|Interviewer: Robin Hughes
Recorded: January 28, 1992
This is a transcript of the complete original interview conducted for the Australian Biography project. Each transcript page covers one videotape (approximately 35 minutes). There is also QuickTime video of the full interview available. To play the video, click on the icon in the right hand column. In addition, each question in the transcript is linked to the video. Clicking on a question will play the video from that point. (Help with this feature.) Optionally, you can download the video file for offline viewing (approx. 10MB).
The interview has been left it in its original state so that you can get a sense of how the conversation developed. The repetition of some questions, or a question followed by another question, is often due to the end of a particular tape or some other interruption, and has been indicated at the appropriate place in the text. There has been minimal tidying up of the text so that the flavour of the encounter has been kept.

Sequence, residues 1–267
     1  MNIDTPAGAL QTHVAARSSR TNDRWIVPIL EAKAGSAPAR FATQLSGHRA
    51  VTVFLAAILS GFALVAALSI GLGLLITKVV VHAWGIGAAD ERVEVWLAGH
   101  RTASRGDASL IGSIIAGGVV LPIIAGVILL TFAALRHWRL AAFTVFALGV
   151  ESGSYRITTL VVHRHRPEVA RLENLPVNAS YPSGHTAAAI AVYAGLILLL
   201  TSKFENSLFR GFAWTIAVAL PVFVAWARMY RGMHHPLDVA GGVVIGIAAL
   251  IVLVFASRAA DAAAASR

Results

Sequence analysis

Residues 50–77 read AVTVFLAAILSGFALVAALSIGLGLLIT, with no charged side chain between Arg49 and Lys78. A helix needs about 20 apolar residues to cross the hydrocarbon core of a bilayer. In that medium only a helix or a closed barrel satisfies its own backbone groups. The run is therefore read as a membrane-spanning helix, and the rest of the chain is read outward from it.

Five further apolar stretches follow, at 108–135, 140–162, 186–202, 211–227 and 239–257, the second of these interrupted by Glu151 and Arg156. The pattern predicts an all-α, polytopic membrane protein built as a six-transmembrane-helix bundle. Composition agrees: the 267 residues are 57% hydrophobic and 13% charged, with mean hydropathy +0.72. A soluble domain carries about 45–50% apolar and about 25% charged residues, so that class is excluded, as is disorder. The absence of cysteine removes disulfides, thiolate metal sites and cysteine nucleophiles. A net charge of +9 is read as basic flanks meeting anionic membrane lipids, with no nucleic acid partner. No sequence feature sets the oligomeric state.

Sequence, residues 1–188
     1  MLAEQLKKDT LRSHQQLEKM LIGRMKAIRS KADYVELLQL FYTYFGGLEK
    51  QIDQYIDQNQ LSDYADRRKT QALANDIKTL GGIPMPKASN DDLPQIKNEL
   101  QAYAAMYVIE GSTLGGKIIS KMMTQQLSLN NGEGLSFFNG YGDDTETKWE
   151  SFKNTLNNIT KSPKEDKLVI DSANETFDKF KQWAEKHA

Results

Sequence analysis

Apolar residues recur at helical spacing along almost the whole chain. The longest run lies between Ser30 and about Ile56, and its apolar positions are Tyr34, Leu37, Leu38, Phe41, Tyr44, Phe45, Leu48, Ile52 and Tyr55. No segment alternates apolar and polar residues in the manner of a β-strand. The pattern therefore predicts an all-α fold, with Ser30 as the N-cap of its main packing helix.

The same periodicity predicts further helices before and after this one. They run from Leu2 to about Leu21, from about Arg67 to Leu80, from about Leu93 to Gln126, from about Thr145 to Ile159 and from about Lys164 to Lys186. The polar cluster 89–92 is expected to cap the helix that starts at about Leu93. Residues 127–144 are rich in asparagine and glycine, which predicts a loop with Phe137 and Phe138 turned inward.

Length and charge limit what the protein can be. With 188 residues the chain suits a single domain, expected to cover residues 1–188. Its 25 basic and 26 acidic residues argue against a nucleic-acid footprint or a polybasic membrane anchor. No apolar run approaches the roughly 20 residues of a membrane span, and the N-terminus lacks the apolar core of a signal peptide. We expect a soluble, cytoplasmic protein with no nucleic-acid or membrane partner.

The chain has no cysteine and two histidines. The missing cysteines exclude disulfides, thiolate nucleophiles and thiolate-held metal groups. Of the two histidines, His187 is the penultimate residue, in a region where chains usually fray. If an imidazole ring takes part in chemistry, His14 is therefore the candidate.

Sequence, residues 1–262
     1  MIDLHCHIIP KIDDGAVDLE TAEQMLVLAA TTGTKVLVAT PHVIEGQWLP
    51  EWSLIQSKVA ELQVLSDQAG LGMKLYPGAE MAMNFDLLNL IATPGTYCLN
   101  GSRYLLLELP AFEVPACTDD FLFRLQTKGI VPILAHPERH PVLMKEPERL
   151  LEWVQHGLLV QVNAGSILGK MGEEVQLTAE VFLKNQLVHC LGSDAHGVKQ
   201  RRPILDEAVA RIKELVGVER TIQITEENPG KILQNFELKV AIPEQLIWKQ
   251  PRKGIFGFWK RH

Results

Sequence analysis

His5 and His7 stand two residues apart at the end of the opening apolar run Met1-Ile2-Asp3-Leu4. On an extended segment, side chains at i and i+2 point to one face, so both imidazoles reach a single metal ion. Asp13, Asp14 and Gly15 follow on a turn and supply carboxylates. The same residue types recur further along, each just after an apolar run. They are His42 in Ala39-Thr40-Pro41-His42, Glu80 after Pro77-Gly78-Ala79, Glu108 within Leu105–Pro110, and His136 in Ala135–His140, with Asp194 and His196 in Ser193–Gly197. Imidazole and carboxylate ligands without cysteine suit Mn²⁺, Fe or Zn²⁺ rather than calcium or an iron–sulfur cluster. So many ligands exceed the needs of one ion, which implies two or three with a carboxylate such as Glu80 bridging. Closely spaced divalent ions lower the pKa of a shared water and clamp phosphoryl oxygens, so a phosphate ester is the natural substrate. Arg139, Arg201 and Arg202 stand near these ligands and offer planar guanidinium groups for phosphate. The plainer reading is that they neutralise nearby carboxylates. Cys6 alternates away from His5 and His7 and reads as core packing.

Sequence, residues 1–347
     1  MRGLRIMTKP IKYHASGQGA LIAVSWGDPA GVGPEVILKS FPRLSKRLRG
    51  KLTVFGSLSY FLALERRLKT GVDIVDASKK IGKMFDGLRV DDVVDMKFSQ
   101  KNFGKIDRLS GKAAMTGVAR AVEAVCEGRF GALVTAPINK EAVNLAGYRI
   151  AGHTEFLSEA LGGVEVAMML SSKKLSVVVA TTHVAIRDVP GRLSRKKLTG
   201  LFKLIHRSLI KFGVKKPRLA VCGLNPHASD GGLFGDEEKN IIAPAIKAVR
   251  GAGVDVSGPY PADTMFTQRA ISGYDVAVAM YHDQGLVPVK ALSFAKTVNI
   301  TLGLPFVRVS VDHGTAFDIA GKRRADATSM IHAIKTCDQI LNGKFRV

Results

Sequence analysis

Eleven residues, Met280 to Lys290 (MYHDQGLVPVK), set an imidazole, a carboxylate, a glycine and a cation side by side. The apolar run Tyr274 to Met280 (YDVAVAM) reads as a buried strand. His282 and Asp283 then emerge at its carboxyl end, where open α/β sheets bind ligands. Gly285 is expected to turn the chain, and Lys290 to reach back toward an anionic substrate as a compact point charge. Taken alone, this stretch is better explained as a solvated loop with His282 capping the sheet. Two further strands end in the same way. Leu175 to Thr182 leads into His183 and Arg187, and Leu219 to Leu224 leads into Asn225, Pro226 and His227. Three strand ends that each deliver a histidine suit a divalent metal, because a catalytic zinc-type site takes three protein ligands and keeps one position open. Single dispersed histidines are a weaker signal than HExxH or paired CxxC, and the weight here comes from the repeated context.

Dame Joan, you were born in 1912, what kind of a family were you born into? What were your parents like?
Oh dear ... [laughs] ... They were very nice ... [laughs] ... But ...
Describe your ...
... I was very lucky that my mother was interested in music, I was fortunate that up ‘til about the age of seven or eight, that I heard classical music simply because of Mother. Once we were growing up and going to school, of course, then my brothers had all the jazz in the world and ... being played and ... my family — my father said that he used to sing in Westminster but I ... I doubted that all my life, and all ... the time I knew him, because he really didn't have a voice at all. Mother did ... [chuckles], she used to hum and sing around the place but ...
He liked to think he had a voice?